Yet there are reasons why some companies are willing to roll the dice. Some are on extremely tight budgets with little room for additional expenditures. Others tend to trust the skills of their associates to ensure that maintenance is competently handled. There is no denying that a proficient associate in-house team may be able to handle service basics for some time. But what happens if the need goes beyond their proficiency? It is a question that shop owners and accountants or finance officers have to weigh very carefully because the bottom line of the business could be at risk.
Determination of cost and subsequent value of the service contract takes in a number of factors. The biggest has to be the service provider. Companies owe it to themselves to conduct due diligence on the provider’s history and track record for capably carrying out service and repairs promptly. In fact, every aspect of the provider’s support operation should go under the microscope. Proof of timely and responsive service should be mandatory for every evaluation.
The best test of a company is the support it offers if a machine goes down. Maintenance and delivery of repairs under this extreme condition will determine the quality of the provider as much as the value of the contract. So too is the following list of best maintenance and support practices that every business should demand of a service contract provider:
- Vendor/supplier should have a workforce on standby for customer care. Vendors limited to business hours only need not apply.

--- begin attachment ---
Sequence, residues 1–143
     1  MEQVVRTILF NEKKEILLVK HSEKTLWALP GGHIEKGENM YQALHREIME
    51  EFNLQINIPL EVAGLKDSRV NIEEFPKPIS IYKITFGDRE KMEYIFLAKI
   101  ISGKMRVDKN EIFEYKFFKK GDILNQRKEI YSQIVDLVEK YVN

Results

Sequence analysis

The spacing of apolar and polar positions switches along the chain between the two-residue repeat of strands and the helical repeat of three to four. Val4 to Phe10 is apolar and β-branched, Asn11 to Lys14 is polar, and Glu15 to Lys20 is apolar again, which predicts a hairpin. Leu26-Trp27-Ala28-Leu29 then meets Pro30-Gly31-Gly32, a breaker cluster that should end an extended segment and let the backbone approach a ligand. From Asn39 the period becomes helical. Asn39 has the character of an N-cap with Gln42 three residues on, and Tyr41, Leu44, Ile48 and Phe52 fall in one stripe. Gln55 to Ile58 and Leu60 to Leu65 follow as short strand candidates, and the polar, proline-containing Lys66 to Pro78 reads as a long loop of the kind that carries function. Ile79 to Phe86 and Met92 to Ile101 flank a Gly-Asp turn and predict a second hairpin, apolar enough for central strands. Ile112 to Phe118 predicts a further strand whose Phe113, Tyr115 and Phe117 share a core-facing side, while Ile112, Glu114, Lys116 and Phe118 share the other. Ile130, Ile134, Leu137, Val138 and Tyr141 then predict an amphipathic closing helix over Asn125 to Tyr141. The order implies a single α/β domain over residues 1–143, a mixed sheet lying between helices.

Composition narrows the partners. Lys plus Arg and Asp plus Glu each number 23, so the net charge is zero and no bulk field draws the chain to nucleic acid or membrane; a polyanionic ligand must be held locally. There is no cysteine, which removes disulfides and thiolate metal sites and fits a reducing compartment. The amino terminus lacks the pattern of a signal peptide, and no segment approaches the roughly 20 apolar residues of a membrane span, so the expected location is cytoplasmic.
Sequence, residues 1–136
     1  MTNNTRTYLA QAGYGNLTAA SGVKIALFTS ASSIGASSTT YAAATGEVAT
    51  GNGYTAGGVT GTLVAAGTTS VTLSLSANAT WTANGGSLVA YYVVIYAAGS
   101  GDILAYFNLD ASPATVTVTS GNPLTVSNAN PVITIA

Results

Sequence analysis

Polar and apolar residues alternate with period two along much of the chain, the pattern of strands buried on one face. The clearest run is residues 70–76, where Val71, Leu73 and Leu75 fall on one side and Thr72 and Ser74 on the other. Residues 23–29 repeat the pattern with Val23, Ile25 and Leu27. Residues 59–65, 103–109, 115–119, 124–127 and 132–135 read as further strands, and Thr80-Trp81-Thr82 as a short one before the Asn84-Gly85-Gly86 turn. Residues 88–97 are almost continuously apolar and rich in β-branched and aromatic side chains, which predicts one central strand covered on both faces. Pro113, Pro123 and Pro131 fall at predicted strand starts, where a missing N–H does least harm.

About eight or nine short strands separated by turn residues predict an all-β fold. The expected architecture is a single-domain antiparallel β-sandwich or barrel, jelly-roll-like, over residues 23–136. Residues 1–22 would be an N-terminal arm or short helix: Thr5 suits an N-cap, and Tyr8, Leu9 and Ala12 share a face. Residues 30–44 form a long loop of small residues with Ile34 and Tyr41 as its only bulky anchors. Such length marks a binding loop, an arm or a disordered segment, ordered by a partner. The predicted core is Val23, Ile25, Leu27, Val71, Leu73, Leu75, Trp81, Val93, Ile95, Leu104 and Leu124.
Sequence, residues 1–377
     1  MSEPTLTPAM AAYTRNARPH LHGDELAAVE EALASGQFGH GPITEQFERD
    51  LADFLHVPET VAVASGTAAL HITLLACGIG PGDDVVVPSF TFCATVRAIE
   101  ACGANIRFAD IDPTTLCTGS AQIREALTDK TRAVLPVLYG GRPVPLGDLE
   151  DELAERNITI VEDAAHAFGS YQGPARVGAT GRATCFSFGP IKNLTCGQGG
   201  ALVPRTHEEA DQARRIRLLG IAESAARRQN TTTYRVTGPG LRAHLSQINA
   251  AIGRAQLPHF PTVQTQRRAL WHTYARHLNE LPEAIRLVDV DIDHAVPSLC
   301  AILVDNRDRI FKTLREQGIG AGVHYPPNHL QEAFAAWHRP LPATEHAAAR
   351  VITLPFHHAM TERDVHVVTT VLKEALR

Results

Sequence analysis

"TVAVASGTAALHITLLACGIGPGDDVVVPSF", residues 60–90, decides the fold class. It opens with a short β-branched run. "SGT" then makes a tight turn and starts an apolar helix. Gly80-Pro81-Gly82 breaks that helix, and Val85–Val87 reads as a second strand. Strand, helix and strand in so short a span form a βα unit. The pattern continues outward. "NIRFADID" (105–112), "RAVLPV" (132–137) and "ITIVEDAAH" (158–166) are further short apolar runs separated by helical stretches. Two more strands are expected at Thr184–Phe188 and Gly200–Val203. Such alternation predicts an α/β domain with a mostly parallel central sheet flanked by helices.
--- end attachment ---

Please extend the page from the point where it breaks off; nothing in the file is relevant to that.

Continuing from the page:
- Service technicians should be qualified to answer questions over the phone. Nothing is worse for a company in need of immediate repairs than having to deal with someone on the other end who is nothing more than a message taker. Qualified personnel should be available 24/7.
- Confirm that service technicians are readily available to install, maintain, service and repair machines. No company should be put on a waiting list.
- Ask if the vendor/supplier offers online and/or over the phone software training. Such courses save the business time and money while developing associate expertise.
- Clarify that customer care personnel can address tooling questions and concerns. It’s not enough to know all about the router. Successful use of cutting tools also requires a thorough knowledge base, which the provider should be able to offer.
Case in Point
Tim Emerson, president of DuraPlaq in Longmont, Colorado, says that, based on his company’s experience, he is a service plan advocate. DuraPlaq is a large-format design company that works with woodgrain, sustainable composites and metals. Emerson’s CNC router has had very few downtimes, but when those have occurred, his service plan has enabled him to get replacement parts promptly.
“It’s very pocketbook friendly, and with our plan we can be assured of new parts for our machines at all times,” Emerson says. “We deal with high-end photographers and companies, so it’s just not worth it to try to cut corners, which you have to do if aren’t covered by a plan.”
At some point in the life of a router, parts replacements are inevitable. The costs likely to be incurred justify the need for strategic maintenance planning. Investing in a service plan at the beginning is the best way to avoid expenditures likely to become prohibitively expensive if the company decides to play the waiting game. Experience shows that for the router, as with any complex mechanical device, the lack of a thorough maintenance program means the company has unnecessarily placed itself at risk for costly failures.
Service provider reliability is as important as the maintenance program if a sign business hopes to avoid unnecessary, unacceptable and costly downtimes. So is maintenance, but there is still one other important benefit from service plans to consider—growth.
By maximizing router use and efficiency without worrying about downtimes and budget-busting part replacements, the company can grow its production and customer offerings. It’s all about using the service plan to help propel the business forward.